Note: Be ready with some extra ink cartridges just in case you run dry. The number of cartridges you have on the ready would depend on how much color coverage your costume design of choice requires. Purchasing remanufactured ink cartridges is practically a must if you’re going the printed costume route. You might use up roughly 2-3 cartridges for color-intensive designs which will more or less amount to $30 if we take an XL bundle of the HP 902, as an example.

Open in photoshop and resize. Our second step sounds so obvious that you likely are saying “C’mon, really?” But, no . . . really! There are special considerations you need to make when designing a larger scale image for home printing, especially if it needs to fit certain dimensions (such as those of a box you’ll use for framing, for example). Whether you’re using an image from Google Images or one of your own photographs, upload your image into a photo editing program such as Adobe Photoshop and resize your image to the exact specifications of your costume needs. If your image isn’t the exact shape of your framing, resize it to fit the dimensions of your frame on the smallest side and then crop the extra until you have the right shape.


Setting your zoom to 100% will give a general idea of how the image will print to the page, but chances are you will have to zoom out in order to work with your design (if any editing is involved). Once you’ve resized and edited your image, run a quick trial by printing a single page and checking the resolution of your image on paper before printing the whole series.

Tile printing. Once your image is resized and ready to go, it’s printing time. The easiest way to print out a large image is to save the file as a PDF and tile print it using Adobe Acrobat. Choose File > Print and then select Tile All Pages from the Pop Up menu. You have several options to help you line up each page to help make sure your image tiles match up perfectly. Each is outlined with some detail along with full instructions on the Adobe website.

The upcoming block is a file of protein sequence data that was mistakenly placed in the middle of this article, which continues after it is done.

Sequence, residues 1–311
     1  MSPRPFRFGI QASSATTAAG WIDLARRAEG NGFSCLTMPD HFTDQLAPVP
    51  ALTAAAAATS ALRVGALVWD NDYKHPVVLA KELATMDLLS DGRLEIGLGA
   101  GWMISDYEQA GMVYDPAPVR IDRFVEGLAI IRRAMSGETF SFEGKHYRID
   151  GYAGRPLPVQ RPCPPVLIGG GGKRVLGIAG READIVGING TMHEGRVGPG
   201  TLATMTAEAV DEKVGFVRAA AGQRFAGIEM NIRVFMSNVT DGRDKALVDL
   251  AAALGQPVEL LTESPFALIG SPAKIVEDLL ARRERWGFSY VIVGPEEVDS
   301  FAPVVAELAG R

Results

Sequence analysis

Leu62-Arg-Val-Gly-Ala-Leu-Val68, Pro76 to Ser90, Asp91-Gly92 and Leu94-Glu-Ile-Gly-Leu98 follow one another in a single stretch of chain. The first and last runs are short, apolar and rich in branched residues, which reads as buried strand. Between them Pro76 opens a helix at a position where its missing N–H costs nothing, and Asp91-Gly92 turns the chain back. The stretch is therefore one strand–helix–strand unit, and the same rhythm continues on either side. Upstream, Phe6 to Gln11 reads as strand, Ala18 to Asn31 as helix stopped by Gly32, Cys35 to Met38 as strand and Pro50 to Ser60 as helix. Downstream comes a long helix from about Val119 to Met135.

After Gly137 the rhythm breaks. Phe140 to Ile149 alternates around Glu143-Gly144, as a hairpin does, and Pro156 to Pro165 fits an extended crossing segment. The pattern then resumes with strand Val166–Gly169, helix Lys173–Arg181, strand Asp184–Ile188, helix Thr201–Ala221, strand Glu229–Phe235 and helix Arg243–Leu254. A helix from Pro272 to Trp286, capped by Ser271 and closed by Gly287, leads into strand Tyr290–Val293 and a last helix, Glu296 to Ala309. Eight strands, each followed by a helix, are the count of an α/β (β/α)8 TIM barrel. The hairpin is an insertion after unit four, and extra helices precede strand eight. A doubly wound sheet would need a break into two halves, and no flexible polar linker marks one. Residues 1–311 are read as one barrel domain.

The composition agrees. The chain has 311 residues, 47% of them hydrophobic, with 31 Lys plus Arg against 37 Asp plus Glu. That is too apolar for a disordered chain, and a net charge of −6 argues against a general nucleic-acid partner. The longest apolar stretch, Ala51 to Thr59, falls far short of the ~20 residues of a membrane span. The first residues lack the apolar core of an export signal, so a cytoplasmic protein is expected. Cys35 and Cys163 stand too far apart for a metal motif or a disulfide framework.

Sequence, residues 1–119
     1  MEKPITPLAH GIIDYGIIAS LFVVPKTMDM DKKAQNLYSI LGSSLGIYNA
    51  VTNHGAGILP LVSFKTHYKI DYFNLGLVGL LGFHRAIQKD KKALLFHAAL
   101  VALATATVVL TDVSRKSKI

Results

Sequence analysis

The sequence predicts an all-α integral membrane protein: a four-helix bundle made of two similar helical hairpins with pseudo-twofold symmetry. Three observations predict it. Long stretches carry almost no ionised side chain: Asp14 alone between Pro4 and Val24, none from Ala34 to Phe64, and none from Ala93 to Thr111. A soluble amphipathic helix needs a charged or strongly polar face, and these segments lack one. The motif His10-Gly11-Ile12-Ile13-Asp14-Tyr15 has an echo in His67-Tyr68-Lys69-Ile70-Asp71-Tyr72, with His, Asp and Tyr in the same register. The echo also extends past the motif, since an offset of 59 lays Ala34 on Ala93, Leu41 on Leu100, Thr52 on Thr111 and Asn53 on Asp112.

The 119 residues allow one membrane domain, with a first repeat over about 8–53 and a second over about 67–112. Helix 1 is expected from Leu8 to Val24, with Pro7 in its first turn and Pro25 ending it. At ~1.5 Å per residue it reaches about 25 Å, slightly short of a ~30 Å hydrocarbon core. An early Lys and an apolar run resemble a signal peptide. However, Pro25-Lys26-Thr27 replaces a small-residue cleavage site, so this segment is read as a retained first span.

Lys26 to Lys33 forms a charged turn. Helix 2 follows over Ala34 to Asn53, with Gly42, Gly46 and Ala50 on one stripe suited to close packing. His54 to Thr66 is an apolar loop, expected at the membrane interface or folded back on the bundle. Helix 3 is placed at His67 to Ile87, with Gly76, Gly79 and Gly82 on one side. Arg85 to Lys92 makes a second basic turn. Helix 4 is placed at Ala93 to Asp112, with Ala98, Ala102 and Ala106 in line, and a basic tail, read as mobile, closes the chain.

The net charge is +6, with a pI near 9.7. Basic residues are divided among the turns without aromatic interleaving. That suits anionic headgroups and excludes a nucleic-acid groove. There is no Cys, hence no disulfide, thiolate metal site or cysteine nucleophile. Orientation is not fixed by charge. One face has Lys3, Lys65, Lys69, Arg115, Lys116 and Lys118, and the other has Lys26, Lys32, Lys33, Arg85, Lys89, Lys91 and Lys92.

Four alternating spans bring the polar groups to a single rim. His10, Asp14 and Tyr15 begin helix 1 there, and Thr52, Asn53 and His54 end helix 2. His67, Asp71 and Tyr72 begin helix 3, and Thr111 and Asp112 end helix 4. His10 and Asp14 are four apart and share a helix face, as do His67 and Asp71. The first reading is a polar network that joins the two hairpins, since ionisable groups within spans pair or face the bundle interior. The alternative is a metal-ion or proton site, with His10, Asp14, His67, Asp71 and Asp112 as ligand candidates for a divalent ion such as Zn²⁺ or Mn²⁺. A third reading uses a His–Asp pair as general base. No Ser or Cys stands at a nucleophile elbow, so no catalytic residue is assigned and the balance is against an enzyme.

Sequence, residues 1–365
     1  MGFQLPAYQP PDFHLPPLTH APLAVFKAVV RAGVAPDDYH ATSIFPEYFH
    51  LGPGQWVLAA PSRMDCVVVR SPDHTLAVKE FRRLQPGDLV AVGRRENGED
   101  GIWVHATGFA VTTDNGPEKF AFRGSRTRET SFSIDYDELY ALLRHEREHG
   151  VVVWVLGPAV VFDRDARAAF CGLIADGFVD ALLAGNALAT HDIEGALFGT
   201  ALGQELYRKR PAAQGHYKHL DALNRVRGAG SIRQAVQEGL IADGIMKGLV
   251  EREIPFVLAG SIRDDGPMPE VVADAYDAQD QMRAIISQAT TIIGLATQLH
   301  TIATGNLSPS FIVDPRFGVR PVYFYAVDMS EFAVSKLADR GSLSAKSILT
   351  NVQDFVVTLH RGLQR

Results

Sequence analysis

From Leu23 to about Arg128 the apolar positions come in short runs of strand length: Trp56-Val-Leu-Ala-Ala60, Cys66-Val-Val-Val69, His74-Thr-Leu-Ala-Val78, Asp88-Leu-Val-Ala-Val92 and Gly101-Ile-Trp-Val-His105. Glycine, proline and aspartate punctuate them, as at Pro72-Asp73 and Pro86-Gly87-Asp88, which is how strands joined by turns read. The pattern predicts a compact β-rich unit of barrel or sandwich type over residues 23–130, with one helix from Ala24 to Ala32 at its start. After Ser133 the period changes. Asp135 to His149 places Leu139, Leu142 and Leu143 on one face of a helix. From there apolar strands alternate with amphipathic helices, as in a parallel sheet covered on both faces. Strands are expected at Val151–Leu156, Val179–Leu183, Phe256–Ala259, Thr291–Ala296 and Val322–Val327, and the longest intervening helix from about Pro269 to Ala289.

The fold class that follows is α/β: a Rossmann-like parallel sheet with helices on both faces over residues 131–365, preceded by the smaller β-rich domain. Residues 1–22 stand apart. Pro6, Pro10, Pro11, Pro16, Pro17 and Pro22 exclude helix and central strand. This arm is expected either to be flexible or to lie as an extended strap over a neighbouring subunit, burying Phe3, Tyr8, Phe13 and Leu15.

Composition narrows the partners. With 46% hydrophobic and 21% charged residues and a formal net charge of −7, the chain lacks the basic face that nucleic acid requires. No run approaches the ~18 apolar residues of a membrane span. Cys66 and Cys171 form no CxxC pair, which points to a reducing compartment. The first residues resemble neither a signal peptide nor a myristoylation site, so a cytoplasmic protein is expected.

If you are using a different editing and publishing program, Google “Tile Printing” and the name of the program for hints on how to get the best results.

Or choose engineering prints. An alternative choice to tile printing from home is going to a local print store and requesting drafting prints of your image. Also known as engineering prints, they are oversized reproductions designed for architects and engineers to showcase and print intricate designs in a readable form—with enough detail and space to include important notation and features. They are commonly printed on large industrial scale printers in black and white, and the prints themselves resemble giant photocopies in a lot of ways. They can be acquired cheaply too, running between ten and twenty dollars in some cases. If you are looking to convert a color image into an engineering print, be sure to put your photo into an image editing program and set the color to black and white, adjusting the exposure to get the desired results. Remember the limitations of the form though: your print will essentially be a large photocopy, so you will lose all color and most grayscale nuance (as well as sharpness) in many cases.

Printing your Halloween costume is a cost effective and quick way to come up with an original look that shows off your personal style. With a little bit of preparation and the right tools, you can come up with a design that is truly unique.  Happy Halloween!